They want numbers, tell your friends WRITE!

We need a flood of letters!

What any of us is looking for is that we don't have to fight or have altercations to access.

If you know of anyone who has had to deal with any of this while paddling please document and send it to the Minister of Transport.

marc.garneau@parl.gc.ca
I would also cc William Amos of Pontiac, Que. Liberal

William.Amos@parl.gc.ca
He was our go to guy for info during the fight and before he became an MP and he wants to help the Paddlers!

All I can say is write the committee and the Minister or Transport
Here is a link to the Committee.

http://www.parl.gc.ca/Committees/en/TRA ... &session=1

Link to the minutes

http://www.parl.gc.ca/HousePublications ... l=42&Ses=1
All I can say is write the committee and the Minister or Transport

Jeff

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Choosing to save a river is more often an act of passion than of careful calculation. You make the choice because the river has touched your life in an intimate and irreversible way, because you are unwilling to accept its loss. — (David Bolling, Ho


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PostPosted: November 7th, 2016, 10:47 am 
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If you want to submit a brief you have to November 30, 2016 http://www.parl.gc.ca/Committees/en/TRA ... Id=9081071 But I would also CC Minister Garneau and William Amos.

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Choosing to save a river is more often an act of passion than of careful calculation. You make the choice because the river has touched your life in an intimate and irreversible way, because you are unwilling to accept its loss. — (David Bolling, Ho


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PostPosted: January 27th, 2017, 11:03 am 
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Just so you know the last date to submit is coming up Jan. 30th.
Yes they delayed it again.
But it would be nice to get input from across the country.
I Submitted on behave of WCA back in December....
Just a "few" pages long 8)

This from Lake Ontario Water Keeper.
http://www.waterkeeper.ca/blog/2017/1/1 ... -354540209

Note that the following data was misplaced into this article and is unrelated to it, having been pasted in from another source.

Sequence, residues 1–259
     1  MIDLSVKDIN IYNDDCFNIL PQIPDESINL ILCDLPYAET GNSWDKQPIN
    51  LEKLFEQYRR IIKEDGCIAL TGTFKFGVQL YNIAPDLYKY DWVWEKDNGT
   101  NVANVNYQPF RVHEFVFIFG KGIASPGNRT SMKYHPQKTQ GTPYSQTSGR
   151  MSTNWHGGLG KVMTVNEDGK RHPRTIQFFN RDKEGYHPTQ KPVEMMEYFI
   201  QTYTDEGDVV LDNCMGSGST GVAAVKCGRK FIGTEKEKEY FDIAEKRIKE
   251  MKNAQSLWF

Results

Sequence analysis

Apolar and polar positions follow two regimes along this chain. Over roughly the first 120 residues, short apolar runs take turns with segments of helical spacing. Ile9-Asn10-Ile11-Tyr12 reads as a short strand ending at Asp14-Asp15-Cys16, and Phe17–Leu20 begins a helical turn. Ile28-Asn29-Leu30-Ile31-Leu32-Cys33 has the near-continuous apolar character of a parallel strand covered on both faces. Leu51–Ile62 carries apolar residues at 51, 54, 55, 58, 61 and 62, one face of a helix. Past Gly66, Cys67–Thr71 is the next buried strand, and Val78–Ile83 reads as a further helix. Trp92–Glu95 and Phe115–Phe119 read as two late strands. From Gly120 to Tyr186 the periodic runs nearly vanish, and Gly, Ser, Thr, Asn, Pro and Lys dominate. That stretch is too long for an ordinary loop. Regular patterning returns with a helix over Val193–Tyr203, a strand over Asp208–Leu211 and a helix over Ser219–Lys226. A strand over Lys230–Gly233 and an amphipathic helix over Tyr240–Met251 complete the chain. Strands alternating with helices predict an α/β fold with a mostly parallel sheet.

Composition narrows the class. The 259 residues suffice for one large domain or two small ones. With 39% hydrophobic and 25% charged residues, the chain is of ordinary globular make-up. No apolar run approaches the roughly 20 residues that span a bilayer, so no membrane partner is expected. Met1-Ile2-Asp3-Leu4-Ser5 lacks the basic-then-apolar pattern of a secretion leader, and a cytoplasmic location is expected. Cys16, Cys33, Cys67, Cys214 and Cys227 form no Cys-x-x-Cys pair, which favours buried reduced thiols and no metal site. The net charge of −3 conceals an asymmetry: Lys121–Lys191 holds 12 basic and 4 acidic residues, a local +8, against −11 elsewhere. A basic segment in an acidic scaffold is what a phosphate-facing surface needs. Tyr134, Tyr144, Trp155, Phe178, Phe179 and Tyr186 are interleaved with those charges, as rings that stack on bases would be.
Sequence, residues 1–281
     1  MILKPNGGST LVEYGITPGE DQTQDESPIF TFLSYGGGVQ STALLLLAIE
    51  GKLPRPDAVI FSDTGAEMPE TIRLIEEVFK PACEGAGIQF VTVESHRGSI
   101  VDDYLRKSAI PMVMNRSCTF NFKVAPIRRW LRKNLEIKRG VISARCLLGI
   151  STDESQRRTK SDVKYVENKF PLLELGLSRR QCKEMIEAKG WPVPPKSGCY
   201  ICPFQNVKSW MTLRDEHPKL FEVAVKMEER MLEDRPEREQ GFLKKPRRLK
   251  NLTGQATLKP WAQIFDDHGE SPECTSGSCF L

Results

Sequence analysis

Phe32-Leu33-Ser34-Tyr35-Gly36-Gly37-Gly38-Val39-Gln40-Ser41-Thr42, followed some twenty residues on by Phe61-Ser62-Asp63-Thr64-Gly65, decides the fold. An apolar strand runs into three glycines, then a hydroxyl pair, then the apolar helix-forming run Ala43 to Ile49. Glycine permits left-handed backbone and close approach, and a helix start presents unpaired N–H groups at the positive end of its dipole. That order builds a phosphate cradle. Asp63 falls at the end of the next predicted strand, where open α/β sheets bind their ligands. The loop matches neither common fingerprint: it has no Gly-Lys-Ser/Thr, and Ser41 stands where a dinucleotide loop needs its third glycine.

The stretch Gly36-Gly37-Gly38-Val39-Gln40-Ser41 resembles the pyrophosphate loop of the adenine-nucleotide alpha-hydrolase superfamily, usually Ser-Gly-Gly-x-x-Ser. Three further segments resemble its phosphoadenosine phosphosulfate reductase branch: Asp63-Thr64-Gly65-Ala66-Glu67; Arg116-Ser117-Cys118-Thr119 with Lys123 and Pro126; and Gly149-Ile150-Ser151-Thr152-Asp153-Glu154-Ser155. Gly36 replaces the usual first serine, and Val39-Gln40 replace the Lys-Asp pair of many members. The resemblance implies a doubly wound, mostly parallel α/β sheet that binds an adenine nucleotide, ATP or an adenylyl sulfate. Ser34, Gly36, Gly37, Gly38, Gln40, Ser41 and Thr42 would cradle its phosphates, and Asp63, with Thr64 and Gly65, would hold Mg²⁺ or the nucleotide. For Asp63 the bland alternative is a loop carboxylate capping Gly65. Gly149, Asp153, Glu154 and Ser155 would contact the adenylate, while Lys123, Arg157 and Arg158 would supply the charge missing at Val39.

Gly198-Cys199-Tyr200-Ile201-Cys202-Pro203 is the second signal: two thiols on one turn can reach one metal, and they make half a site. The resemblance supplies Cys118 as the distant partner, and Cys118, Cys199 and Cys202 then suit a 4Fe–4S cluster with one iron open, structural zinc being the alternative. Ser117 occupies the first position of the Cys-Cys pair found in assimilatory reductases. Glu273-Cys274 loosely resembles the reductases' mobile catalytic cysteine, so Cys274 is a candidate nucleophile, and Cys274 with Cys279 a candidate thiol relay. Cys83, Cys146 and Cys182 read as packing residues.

As you can see by what happened with the past Government and what is happening south of the border we need these right enshrined in laws.

Please share through your paddling communities it is important that we are seen coast to coast to coast!

And it is all types of water craft and waterways that we navigate (paddle)

Jeff

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Choosing to save a river is more often an act of passion than of careful calculation. You make the choice because the river has touched your life in an intimate and irreversible way, because you are unwilling to accept its loss. — (David Bolling, Ho


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PostPosted: March 23rd, 2017, 6:35 pm 
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Well folks we made the submission notes for "A Study of the Navigation Protection Act"

We will still have a chance for more input!

We (WCA) are mentioned on Page 5 There is a link on the bottom of page 5 to my submission and you will notice I tried to cover all aspects of our paddle sport.

http://www.parl.gc.ca/Content/HOC/Commi ... pt11-e.pdf

Thanks to Jeff Meek (Water hunter) and Jeff Lechef for letting me use some of their images so it just wasn't some old guy on a lap top going wild!

Also if you have any altercations with landowners over paddling issues, please stay polite and document it issue and get all the info to me please!

Jeff

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Choosing to save a river is more often an act of passion than of careful calculation. You make the choice because the river has touched your life in an intimate and irreversible way, because you are unwilling to accept its loss. — (David Bolling, Ho


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PostPosted: June 22nd, 2017, 2:46 pm 
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:clap:

You have to love the internet as I can get this done while I am in New Brunswick :D
Spread the word and keep paddlers attuned to what is going on.
We will get a chance for more input and this is something that effects all aspects of the Paddling fraternity, no matter what type of craft and means of propulsion they use.
And yes we can make a difference.